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Clearing the confusion over fried rice

Three years ago, in response to a reader's question about why his fried rice didn't taste as good as fried rice in Chinese restaurants, I told him it was because he didn't use as much grease and concluded the column with a recipe for reduced fat fried rice, thereby enraging fried rice devotees from Portland to St. Petersburg.

They wrote to suggest I find another line of work and try their recipes for fried rice, neither of which moved me to recant my anti-fried rice position.

Then last fall, I watched Ken Hom make his Quick and Easy Fried Rice with a single tablespoon of peanut oil. Now I'm a believer. In Ken Hom as well as fried rice.

Born in Tucson of Cantonese parents, Hom followed the apprentice route to chefdom, starting as a pot walloper at age 11 in his uncle's Chicago restaurant.

Since then, he has been a student of medieval art, a TV producer and professional photographer. He has written seven cookbooks, stars in a cooking series produced by the BBC and owns a critically acclaimed restaurant in London.

Chef Hom prefers Malaysian basmati rice for fried rice but says any long grain rice will do provided it's cooked well ahead and chilled several hours or overnight until it's dry, with each grain separate. To prevent sticking, the wok or skillet should be heated to almost smoking over high heat before a small amount of oil is added.

Other secrets of low fat fried rice: Once you add the rice, keep stirring over high heat until it's heated through, about 5 minutes, then add beaten eggs and keep on stirring another minute before you add the remaining ingredients.

The oil Chef Hom recommends for stir-fries, including rice, is peanut oil from Hong Kong or Taiwan. It's cold-pressed, like extra virgin olive oil, thus has greater flavor and a higher smoking point.

Don't use additional oil to prevent sticking, he cautions. Instead, use some other liquid, added little by little as needed. That liquid can be wine, stock, vegetable or fruit juice. Personally, he prefers a light German wine, like Blue Nun, blended of riesling, sylvaner and muller-thurgau grapes, for both cooking and drinking with Pan-Asian foods.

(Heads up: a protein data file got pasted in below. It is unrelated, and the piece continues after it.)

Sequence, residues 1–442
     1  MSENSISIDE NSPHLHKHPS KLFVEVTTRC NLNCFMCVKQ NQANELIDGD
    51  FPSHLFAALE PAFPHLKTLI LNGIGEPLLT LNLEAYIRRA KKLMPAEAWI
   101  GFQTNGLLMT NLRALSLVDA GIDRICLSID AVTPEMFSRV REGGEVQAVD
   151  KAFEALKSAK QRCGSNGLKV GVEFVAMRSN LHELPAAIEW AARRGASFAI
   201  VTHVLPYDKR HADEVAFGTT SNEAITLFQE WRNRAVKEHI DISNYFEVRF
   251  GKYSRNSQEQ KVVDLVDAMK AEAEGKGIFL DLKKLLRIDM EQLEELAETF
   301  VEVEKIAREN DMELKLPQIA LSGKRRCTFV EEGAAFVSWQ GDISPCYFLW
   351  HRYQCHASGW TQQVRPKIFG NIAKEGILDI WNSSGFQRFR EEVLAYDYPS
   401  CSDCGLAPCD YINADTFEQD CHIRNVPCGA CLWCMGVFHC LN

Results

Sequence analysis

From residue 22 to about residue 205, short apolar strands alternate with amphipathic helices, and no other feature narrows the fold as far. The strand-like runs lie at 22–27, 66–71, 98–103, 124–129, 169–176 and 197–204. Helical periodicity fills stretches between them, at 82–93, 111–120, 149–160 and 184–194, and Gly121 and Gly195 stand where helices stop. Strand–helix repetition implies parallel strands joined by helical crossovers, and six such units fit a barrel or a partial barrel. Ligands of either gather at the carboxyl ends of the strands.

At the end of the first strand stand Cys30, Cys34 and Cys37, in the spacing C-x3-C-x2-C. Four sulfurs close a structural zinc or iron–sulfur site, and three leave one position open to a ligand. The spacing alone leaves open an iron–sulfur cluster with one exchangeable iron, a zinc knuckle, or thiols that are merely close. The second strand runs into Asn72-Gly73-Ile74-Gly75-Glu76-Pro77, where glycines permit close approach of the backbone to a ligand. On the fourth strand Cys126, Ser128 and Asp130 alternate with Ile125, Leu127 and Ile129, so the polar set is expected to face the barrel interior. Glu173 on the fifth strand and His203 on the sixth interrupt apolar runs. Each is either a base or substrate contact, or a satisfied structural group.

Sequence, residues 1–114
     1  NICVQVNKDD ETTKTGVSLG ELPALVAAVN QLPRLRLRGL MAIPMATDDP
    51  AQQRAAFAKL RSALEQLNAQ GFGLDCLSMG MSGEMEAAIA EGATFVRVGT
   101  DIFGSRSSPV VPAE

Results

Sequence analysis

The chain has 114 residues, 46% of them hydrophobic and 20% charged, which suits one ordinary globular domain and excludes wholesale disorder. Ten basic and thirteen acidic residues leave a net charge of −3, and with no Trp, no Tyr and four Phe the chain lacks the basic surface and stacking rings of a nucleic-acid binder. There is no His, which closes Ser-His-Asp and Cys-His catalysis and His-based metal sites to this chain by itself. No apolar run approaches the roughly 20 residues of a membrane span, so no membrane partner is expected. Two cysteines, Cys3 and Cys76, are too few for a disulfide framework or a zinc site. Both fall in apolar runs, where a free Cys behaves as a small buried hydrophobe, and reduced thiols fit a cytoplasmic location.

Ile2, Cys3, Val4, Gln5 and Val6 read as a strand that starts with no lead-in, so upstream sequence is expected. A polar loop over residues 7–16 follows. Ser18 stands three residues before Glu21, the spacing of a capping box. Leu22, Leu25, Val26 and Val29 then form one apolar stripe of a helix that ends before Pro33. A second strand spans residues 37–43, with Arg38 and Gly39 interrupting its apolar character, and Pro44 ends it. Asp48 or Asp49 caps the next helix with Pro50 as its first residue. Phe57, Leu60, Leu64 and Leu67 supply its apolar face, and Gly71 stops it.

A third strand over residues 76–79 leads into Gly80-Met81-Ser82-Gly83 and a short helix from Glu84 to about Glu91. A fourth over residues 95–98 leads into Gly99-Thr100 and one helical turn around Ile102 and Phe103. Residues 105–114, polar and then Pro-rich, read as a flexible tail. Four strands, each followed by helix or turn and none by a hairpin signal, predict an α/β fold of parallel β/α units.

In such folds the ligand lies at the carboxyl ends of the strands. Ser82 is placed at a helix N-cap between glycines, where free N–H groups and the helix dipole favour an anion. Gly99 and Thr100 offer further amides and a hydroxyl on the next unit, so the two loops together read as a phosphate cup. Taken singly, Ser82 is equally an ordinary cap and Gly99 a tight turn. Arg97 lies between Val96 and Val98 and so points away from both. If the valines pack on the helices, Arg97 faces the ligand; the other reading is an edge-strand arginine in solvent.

Will using liquid in stir-fries rust carbon steel used in the best woks? No, says Hom. Not if you rub the still warm wok vigorously with crumpled paper towels after each use instead of washing it, and use it fairly often.

It's a good time to haul out the wok (or heavy 10-inch nonstick skillet) and whip up a fast feast of Quick Fried Rice and even quicker Salmon Steamed with Black Bean Sauce.

I've adapted both recipes from Ken Hom's Quick & Easy Chinese Cooking to make two servings. For an East-meets-West menu, add a green salad and frozen vanilla yogurt augmented with slices of ripe mango.

Quick Fried Rice

1 cup long grain rice

2 cups water

1 tablespoon peanut oil

1 tablespoon each finely chopped garlic and ginger

{ teaspoon salt

1 small stalk celery, chopped (optional)

3-4 small mushrooms, thinly sliced (optional)

1-2 eggs, beaten until foamy

1 cup mung bean sprouts (optional)

1 green onion, coarsely chopped (optional)

Place rice and water in heavy 2-quart saucepan and bring to a boil over medium-high heat. Cook, uncovered, 10 minutes. Stir well, turn heat to lowest setting, cover and cook without stirring until water is absorbed, 12 to 15 minutes. Turn hot rice into shallow container, cool to room temperature, cover and refrigerate 8 to 24 hours.

Arrange remaining ingredients and cold cooked rice conveniently near cooking area. Preheat 10-inch nonstick skillet 2-3 minutes over high heat; add oil, swirling skillet to coat evenly. Stir in garlic, ginger, salt, celery and mushrooms; cook and stir 1 minute. Stir in cold rice and continue to cook and stir about 5 minutes, or until rice is hot throughout. Stir in eggs and cook and stir another minute. Stir in bean sprouts and green onion and serve.

Hands on and stir-frying time: 20 minutes. Cooking time for rice: 25-30 minutes. Makes enough for 2 main dish servings or 4 side servings.

Steamed Salmon with Black Bean Sauce

10-11 ounce fillet of salmon (or whitefish or catfish), halved

1 tablespoon each minced ginger and garlic

1 tablespoon Chinese fermented black beans (dow shi), rinsed and chopped

1 green onion, chopped

8 or more sprigs cilantro

2 teaspoons peanut oil, heated in microwave or in small skillet

Set a collapsible steamer rack in a deep skillet or wok, add water to depth of 2 inches and bring to a simmer. Meanwhile, arrange fish fillets on heavy crockery plate that will fit inside skillet. In a small bowl, combine ginger, garlic and black beans, sprinkle evenly over fish. Carefully lower plate with fish onto rack, cover and simmer 8 to 10 minutes, or until fish is opaque throughout. Transfer to dinner plates with broad spatula, garnish with green onion and cilantro. Drizzle hot oil over each serving and serve at once.

Makes 2 4-ounce servings. Hands on and cooking times: 20 minutes.